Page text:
University of North Carolina researchers have confirmed what many savvy parents have known for a while: sodas are bad for kids and kids simply shouldn't drink much of it.
In fact, the research at UNC finds that soda and sugar sweetened beverages are a gateway drink to more unhealthy foods.
Researchers at UNC-Chapel Hill found that kids who drink sodas have a higher caloric intake than those who don't. In other words, soda drinking kids seek out more calories throughout the day than children who don't. The university conducted its research on children between the ages of 2-5, 6-11 and 12 - 8 years.
On another not so surprising note, researchers found that kids who drink sodas couple their drinks with more unhealthy foods. New York City Mayor Michael Bloomberg is a pioneer on the war against sodas, obesity and school aged kids. Bloomberg proposed that food stamp recipients not be allowed to buy soda beverages with food stamps. New York has one of the higher obesity rates of school aged children in the nation.
Over the past 20 years, consumption of sugar sweetened beverages ( SSBs): — sweetened sodas, fruit d.rinks, sports drinks, and energy drinks — has risen, causing concern because higher consumption of SSBs is associated with high caloric intakes.
While the UNC study didn't attack other preventable effects of a daily soda habit, kids who drink sodas are a lot more susceptible to cavities. The UNC study does indeed suggest that soda intake as well as other sugar sweetened beverages are primarily responsible for higher caloric intake for children. Children who drink sodas eat more calories or seek out foods with higher caloric content.
The UNC study is a breakthrough because before now, politicians like Bloomberg, nutritionists and other experts couldn't say for sure if soda was the cause of a higher caloric intake or if other aspects of a soda drinker's diet were responsible for high calorie consumption.
“The primary aims of our study,” said lead investigator Kevin Mathias of the Department of Nutrition, University of North Carolina at Chapel Hill, “were to determine the extent to which SSBs contribute to higher caloric intake of SSB consumers and to identify food and beverage groups from the overall diet that are associated with increased SSB consumption.”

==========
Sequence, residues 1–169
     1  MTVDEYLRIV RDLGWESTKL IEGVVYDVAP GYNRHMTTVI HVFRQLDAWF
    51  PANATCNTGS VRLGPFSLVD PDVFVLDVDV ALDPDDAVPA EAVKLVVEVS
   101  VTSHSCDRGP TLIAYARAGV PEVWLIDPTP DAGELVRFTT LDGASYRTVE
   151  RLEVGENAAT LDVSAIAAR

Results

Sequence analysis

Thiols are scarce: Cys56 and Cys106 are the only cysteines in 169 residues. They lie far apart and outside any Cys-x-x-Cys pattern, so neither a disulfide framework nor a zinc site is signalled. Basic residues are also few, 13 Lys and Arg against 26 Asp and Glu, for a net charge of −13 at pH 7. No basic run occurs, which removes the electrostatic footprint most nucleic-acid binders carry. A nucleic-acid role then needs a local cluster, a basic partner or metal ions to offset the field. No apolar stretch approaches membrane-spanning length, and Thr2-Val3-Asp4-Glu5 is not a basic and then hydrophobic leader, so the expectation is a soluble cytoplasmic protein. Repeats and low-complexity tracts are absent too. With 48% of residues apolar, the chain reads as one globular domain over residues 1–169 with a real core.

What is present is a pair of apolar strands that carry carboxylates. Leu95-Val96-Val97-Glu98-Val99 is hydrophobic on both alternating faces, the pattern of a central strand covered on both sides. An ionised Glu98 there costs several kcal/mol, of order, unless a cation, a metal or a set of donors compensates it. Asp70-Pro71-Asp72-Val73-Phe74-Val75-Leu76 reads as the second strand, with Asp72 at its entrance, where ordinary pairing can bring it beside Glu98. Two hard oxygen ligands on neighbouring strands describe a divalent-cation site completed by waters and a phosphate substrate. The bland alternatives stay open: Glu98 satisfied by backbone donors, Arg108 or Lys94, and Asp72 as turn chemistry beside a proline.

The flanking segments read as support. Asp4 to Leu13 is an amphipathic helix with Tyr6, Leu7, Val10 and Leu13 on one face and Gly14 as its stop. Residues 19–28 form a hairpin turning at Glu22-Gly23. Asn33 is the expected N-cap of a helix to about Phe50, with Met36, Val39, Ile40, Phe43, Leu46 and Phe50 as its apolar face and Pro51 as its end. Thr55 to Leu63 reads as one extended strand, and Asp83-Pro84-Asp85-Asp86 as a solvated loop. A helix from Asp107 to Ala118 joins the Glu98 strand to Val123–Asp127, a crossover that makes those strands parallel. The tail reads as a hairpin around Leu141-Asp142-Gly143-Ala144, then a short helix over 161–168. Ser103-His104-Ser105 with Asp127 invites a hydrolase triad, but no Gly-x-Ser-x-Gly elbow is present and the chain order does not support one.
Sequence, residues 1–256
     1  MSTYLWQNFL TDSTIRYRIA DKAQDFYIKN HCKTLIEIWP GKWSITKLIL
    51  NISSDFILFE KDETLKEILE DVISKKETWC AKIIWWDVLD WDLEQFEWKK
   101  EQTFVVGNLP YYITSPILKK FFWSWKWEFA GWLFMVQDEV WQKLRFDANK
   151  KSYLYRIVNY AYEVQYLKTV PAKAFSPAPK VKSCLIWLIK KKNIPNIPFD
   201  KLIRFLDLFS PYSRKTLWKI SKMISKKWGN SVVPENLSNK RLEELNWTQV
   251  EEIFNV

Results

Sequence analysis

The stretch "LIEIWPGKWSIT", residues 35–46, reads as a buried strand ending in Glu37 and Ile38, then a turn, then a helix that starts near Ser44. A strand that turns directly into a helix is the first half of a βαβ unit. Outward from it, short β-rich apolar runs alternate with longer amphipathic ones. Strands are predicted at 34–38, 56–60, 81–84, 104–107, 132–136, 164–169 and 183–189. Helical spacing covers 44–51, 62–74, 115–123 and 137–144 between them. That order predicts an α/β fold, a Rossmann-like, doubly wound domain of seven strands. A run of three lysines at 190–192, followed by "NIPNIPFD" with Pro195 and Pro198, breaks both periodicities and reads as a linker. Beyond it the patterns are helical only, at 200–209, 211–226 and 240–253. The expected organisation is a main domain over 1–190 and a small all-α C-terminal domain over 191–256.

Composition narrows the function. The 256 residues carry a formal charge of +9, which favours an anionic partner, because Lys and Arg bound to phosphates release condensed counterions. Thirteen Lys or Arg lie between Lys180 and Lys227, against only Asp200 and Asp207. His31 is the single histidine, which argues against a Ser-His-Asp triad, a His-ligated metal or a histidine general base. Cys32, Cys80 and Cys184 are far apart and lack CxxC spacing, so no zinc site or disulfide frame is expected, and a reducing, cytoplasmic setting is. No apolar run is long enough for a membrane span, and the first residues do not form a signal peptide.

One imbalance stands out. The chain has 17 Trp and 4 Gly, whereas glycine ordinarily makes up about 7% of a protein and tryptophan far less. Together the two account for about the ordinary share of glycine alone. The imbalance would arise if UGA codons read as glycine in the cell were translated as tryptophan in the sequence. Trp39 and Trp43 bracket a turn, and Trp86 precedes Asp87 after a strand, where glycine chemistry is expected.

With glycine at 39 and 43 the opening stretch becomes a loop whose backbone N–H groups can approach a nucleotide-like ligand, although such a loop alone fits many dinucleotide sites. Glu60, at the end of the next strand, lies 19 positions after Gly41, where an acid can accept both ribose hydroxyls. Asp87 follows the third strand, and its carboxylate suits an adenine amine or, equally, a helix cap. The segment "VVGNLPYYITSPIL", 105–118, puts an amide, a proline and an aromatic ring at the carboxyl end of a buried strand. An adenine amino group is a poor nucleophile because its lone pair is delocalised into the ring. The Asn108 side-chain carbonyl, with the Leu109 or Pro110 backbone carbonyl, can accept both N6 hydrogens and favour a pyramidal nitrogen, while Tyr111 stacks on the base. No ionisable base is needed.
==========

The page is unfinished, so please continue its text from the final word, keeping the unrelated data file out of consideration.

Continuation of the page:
Culling data from the 2003-2010 What We Eat in America, National Health and Nutrition Examination Surveys, investigators analyzed a sample of 10,955 children ages 2 to 18, and reported results for three separate age groups: 2-5, 6-11, and 12-18 year olds.
Results showed that while intake of food increased, intake of non-sweetened beverages decreased with higher consumption of SSBs. By examining both food and non-sweetened beverages the authors were able to conclude that SSBs are primarily responsible for higher caloric intakes among 2-5 and 6-11 year olds. A similar fınding was observed among children aged 12–18 years; however, both food and SSBs contributed to higher caloric intakes of adolescents consuming greater than 500 kcal of SSBs.
Mr. Mathias stated that, “Among all age groups analyzed, the energy density (calories per gram) of food consumed increased with higher SSB intake.” These findings suggest that higher consumption of SSBs is associated with consumption of foods with high caloric contents. “This is concerning because many foods that are associated with higher SSB consumption (e.g., pizza, cakes/cookies/pies, fried potatoes, and sweets) are also top sources of solid fats and added sugars; components of the diet that the 2010 Dietary Guidelines recommends Americans should limit.”
UNC study results are being released just days before New York City begins its ban on large sodas. On Tuesday New Yorkers will adhere to a new city law that prohibits sale of sodas larger than 16 ounces at restaurants,\ and delis. The new crackdown on sugar sweetened beverages means Dunkin Donuts can't sell sugar in their coffee anymore either.
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